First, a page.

OGDEN — When the dust has all cleared, the state of Utah will likely spend more than $1 billion to help keep businesses afloat during the ongoing COVID-19 pandemic.
And while those funds will continue to be spent through the end of the year, one Ogden area nonprofit is getting creative to supplement the government aid.
Earlier this year, Utah received $1.25 billion as part of the federal government’s Coronavirus Relief Fund, which was established with the CARES Act. The state continues to give the money out to counties and municipalities using a population-based formula through the end of 2020. Ogden City has been using some $10 million in CARES funds to help cover virus-related shortfalls between necessary business expenses and existing funding sources for local businesses and nonprofits.
One of the nonprofits to receive some of that money in Junction City is the Ogden Downtown Alliance. And as the pandemic enters its 10th month, ODA has developed a new program specifically designed to drive business to small, Ogden-based establishments.
Using dollars that under normal circumstances would exclusively go toward live events, ODA has been supporting select Ogden residents, stipulating that the money must be spent at local small businesses in Ogden’s downtown, followed by a social-media chronicling of the experience which is then posted on ODA’s Instagram page. The result is not only direct business for the Ogden establishments, program officials say, but also free advertising.
Kim Bowsher, executive director of ODA, said participants in the program were selected after submitting essays on why they love Ogden. She said the social media component, which includes tagging local businesses, is the modern version of a direct business referral.
“A direct referral, especially from someone you know and trust, is better than advertising,” Bowsher said.
According to its website, ODA is committed to increasing economic vitality and community throughout Ogden’s Central Business District, which includes all land from 20th to 27th streets between Wall and Adams avenues. The nonprofit supports local commerce mainly through marketing efforts and community programming and events.
Bowsher said the new program was basically a case of necessity being the mother of invention. With no live events to speak of as COVID-19 cases have spiked during the year, ODA essentially shifted its entire live event budget to the program.
“If you’re broke, you have to get clever,” Bowsher said. “But we’ve always kind of done stuff on a shoestring budget, so we’re somewhat used to it.”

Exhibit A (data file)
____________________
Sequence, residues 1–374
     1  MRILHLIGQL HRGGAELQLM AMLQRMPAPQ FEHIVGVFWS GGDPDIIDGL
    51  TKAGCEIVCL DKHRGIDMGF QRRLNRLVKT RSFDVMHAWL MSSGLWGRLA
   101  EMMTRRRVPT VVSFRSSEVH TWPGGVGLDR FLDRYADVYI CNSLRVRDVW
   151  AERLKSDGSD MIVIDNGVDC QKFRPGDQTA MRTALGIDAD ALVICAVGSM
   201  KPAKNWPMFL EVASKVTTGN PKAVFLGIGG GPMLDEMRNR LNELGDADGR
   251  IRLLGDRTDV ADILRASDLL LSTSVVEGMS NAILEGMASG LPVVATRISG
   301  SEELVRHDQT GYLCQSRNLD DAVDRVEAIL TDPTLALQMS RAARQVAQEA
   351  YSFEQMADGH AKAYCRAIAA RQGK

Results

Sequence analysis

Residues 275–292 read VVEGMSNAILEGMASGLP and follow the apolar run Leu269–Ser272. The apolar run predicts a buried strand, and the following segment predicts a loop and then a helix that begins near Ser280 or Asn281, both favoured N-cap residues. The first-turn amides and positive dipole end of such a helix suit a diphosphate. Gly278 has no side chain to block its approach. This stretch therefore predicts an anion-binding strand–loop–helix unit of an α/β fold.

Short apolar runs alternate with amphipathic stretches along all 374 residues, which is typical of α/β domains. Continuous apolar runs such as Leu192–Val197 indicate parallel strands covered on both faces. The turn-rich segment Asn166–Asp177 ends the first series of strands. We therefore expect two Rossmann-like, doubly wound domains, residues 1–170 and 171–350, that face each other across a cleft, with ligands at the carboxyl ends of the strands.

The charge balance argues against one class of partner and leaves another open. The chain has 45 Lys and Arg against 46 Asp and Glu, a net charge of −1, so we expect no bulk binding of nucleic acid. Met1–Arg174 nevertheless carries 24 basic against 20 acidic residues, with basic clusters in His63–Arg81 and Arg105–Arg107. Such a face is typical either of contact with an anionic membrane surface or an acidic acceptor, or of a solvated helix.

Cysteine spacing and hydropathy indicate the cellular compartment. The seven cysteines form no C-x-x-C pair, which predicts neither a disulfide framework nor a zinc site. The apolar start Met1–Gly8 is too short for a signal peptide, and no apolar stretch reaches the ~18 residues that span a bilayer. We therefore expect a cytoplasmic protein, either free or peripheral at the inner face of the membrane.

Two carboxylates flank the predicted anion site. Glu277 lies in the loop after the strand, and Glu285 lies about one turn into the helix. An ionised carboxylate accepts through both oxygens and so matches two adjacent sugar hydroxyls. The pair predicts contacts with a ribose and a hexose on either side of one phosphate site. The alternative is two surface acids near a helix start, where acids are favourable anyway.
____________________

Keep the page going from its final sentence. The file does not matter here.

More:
Ogden City has also contributed to the program, according Ogden City Communications Manager Mike McBride, funding some paid for promotional content.
While Bowsher said the ODA program admittedly can’t match the massive amount of federal government dollars being pumped into Ogden, nonprofits and private industry also play an integral role in keeping the economy from falling apart during the pandemic.
“It takes a communitywide effort,” McBride said.
Robyn Stark, who owns The Queen Bee bookstore on Historic 25th Street, said ODA’s program has already created a new buzz on the street, with businesses there promoting the idea.
“As business owners, when we collaborate on sales, advertising and promotion, I feel it develops a stronger message,” she said.
Bowsher urges those living in the greater Ogden area to be “intentional” when shopping, especially during the pandemic. It’s a method she says involves being conscious about where you spend your dollars and shopping at places or purchasing brands with values that align with yours, with an emphasis on supporting local business. She said small businesses have been impacted more than most big box stores, so a collective shift in mindset that involves thinking about what a person wants in their community will go a long way to help local small business economics.
“Just drive along Riverdale Road and look at the lines,” Bowsher said. “People are still spending money. But right now, more than ever, we need to be supporting our local businesses. To be in business 20 years and to know a grant is what’s keeping you going — that’s tough.”